Australian Court Ridiculously Says That AI Can Be An Inventor, Get Patents

from the i'm-sorry-dave,-you-shouldn't-do-that dept

There have been some questions raised about whether or not AI-created works deserve intellectual property protection. Indeed, while we (along with many others) laughed along at the trial about the monkey selfie, we had noted all along, that the law firm pushing to give the monkey (and with it, PETA) the copyright on the photo was almost certainly trying to tee up a useful case to argue that AI can get copyright and patents as well. Thankfully, the courts (and later the US Copyright Office) determined that copyrights require a human author.

The question on patents, however, is still a little hazy (unfortunately). It should be the same as with copyright. The intent of both copyrights and patents is to create incentives (in the form of a “limited” monopoly) for the creation of the new creative work or invention. AI does not need such an incentive (nor do animals). Over the last few years, though, there has been a rush by some who control AI to try to patent AI creations. This is still somewhat up in the air. In the US, the USPTO has (ridiculously) suggested that AI created inventions could be patentable — but then (rightfully) rejected a patent application from an AI. The EU has rejected AI-generated patents.

Unfortunately, it looks like Australia has gone down the opposite path from the EU, after a court ruled that an AI can be an inventor for a patent. The case was brought by the same folks who were denied patents in the EU & US, and who are still seeking AI patents around the globe. Australia’s patent office had followed suit with its EU & US counterparts, but the judge has now sent it back saying that there’s nothing wrong with AI holding patents.

University of Surrey professor Ryan Abbott has launched more than a dozen patent applications across the globe, including in the UK, US, New Zealand and Australia, on behalf of US-based Dr Stephen Thaler. They seek to have Thaler?s artificial intelligence device known as Dabus (a device for the autonomous bootstrapping of unified sentience) listed as the inventor.

Honestly, I remain perplexed by this weird attempt to demand something that makes no sense, though it seems like yet another attempt to scam the system to make money by shaking others down. Once again, AI needs no such incentive to invent, and it makes no sense at all to grant it patents. An AI also cannot assign the patents to others, or properly license a patent. The whole thing is stupid.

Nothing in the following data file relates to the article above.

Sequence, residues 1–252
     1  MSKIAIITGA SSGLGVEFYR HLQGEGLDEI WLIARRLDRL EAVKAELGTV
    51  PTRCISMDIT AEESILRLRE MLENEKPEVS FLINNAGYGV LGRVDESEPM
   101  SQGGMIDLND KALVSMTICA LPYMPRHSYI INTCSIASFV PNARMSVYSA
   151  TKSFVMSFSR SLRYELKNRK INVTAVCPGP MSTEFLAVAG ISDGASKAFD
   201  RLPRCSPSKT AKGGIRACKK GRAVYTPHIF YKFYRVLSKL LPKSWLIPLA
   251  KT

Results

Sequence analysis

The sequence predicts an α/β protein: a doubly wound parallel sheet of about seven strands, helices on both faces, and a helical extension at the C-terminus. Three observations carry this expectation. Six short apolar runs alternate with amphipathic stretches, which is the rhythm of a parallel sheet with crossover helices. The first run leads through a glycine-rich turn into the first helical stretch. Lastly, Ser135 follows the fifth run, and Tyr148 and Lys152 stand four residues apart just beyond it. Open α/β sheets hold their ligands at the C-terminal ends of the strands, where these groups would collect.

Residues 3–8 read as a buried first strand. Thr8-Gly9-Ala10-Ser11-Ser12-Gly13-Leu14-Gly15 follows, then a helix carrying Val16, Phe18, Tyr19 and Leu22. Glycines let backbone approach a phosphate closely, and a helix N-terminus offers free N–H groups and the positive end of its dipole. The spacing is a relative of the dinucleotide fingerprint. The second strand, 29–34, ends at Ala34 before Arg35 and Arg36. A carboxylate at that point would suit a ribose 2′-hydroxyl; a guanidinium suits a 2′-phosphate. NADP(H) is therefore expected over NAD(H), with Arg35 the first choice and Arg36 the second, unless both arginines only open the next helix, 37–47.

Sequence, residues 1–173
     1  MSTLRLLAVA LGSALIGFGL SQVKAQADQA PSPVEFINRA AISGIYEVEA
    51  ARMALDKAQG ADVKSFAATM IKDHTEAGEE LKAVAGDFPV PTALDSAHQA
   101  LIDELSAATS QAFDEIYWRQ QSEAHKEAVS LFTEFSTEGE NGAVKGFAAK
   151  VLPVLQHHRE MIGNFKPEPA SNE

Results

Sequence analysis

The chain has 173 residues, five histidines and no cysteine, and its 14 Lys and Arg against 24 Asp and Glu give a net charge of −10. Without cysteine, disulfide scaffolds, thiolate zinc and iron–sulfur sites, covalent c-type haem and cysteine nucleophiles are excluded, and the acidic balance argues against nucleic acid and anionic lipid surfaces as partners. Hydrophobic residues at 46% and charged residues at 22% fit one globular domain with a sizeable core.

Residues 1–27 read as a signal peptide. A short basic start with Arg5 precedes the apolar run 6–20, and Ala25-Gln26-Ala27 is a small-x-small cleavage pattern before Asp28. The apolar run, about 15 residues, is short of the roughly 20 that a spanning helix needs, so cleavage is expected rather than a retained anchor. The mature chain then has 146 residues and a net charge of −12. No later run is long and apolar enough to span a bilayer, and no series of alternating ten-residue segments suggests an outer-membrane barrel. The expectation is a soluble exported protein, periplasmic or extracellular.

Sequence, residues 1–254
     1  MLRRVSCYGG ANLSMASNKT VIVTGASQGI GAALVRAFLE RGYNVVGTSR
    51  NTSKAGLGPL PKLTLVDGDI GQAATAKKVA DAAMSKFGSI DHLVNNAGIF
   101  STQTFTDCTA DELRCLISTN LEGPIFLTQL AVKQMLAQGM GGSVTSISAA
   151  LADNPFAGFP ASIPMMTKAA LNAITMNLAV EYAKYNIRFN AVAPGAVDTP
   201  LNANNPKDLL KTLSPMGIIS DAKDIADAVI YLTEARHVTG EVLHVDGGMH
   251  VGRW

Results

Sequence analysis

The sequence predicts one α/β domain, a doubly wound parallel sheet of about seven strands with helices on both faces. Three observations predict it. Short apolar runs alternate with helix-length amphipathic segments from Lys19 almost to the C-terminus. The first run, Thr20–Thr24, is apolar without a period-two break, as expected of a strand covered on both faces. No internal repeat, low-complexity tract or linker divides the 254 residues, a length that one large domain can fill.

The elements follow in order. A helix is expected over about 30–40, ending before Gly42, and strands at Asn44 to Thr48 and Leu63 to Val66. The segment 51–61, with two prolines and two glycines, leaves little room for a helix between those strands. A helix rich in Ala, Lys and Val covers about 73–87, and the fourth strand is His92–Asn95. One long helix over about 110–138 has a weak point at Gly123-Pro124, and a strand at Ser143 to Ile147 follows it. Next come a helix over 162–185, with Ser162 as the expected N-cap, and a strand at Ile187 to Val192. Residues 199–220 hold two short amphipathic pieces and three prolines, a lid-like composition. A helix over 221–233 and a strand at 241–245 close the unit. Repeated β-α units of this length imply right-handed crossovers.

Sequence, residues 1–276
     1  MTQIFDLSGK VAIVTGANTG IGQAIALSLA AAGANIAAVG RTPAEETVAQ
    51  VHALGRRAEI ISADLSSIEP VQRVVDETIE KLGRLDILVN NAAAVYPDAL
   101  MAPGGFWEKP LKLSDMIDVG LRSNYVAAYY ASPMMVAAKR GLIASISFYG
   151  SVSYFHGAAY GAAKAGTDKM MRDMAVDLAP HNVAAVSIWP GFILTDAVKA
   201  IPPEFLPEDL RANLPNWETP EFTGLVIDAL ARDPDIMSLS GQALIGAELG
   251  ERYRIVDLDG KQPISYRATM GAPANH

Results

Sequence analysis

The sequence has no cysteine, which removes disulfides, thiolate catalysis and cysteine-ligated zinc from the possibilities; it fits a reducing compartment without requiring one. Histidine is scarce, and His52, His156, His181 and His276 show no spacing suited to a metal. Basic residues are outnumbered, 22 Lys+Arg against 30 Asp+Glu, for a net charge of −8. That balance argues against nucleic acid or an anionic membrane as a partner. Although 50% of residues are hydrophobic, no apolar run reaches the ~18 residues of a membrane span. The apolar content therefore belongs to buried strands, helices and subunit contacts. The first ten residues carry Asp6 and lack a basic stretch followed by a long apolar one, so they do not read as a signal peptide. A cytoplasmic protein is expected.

It is, however, yet another point to show just how extreme the belief that every idea must be “owned” has become. And it’s incredibly dangerous. Those pushing for this — or the courts and patent offices agreeing with this — don’t seem to have any concept of how badly this will backfire.

And, of course, the reality underlying this, which only underscores how dumb it is, the AI isn’t actually getting the patent. It would go to the guy who “owns” the AI.

Beach said a non-human inventor could not be the applicant of a patent, and as the owner of the system, Thaler would be the owner of any patents that would be granted on inventions by Dabus.

At least some people are recognizing what a total clusterfuck it would be if AI-generated patents were allowed. The Guardian quotes an Australian patent attorney, Mark Summerfield, who raises just one of many valid concerns:

?Allowing machine inventors could have numerous consequences, both foreseeable and unforeseeable. Allowing patents for inventions churned out by tireless machines with virtually unlimited capacity, without the further exercise of any human ingenuity, judgment, or intellectual effort, may simply incentivise large corporations to build ?patent thicket generators? that could only serve to stifle, rather than encourage, innovation overall.?

Unfortunately, as the article notes, it’s not just Australia making this dangerous decision. South Africa just granted DABUS a patent last week as well.

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Comments on “Australian Court Ridiculously Says That AI Can Be An Inventor, Get Patents”

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Anonymous Coward says:

Someone’s working on a program to make random patents display ads on videos, do x on a computer on the Web or on a mobile device, or a program to make music using random notes used in popular songs, then any singer will have to pay patent trolls if they even try to use basic chord sequences in a song computers don’t get tired they can make random music 24, 7
Why should get creative humans get all the money
Patent trolls have bills to pay
There’s already programs that make videos using random fractal effects